A bill dealing with unemployment insurance is making its way through the House, but must be voted on one more time before it goes to the governor’s desk for his signature. House Bill 1457, authored by State Representative Dan Leonard of Huntington, passed out of the Senate with a 34-14 vote but will return to the House to allow them to review some small changes to other provisions in the bill.
The bill makes necessary changes in order to comply with federal regulations, requiring unemployment benefit recipients to participate in reemployment and eligibility assessment activities at a WorkOne Center. Currently, federally extended benefits – weeks 27-63 of benefits – require recipients to visit a WorkOne so that the staff can go over their resume, introduce them to their services, and make sure they are on the right back to reemployment.
Joe Frank, communications director for the Department of Workforce Development, said this bill makes those same requirements apply to the state benefits as well.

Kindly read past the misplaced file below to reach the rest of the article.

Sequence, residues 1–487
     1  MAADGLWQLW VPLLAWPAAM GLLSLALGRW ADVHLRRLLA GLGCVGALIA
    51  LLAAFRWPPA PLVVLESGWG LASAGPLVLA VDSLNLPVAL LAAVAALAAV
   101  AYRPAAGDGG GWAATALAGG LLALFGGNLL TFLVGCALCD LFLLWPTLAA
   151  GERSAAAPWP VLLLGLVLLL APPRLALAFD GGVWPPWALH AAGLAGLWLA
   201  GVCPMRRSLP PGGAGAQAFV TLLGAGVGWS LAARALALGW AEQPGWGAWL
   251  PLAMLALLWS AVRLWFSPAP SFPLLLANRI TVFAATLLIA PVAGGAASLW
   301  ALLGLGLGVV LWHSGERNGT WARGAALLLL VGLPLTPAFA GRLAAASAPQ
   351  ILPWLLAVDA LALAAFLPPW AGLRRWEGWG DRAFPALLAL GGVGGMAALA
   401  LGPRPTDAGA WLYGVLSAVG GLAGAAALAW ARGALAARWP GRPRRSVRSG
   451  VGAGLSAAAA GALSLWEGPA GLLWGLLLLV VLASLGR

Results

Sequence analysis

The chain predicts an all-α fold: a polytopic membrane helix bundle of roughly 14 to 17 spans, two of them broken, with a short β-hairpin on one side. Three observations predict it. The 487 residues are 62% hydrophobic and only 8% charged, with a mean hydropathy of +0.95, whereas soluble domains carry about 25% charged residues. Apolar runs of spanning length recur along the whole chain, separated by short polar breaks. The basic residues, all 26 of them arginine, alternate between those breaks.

“What we’re doing through the legislature on the state side is the requirement in 1457 would be that folks who are on state unemployment insurance benefits – that’s the first week of benefits through week 26 – they’d be required to come in within the first four weeks to do the same activities, just so we can make sure that they’re going about their work search well, they know all of the tools that WorkOne can provide – the vast majority are free – just to make sure their work search is as successful as possible,” said Frank.
Frank said WorkOne offers a variety of services, including education and training programs, various free workshops that help people get back into the workforce, and a variety of job-searching and resume-building tips and assistance.
Frank said the ultimate goal of this legislation is to ensure that people are aware of what services WorkOne offers.
“Getting people into these reemployment services as quickly as possible is one of the most important things you can do to get people back to work,” Frank expressed.
The bill will be voted on once more by the House before being sent to Governor Mike Pence for his signature.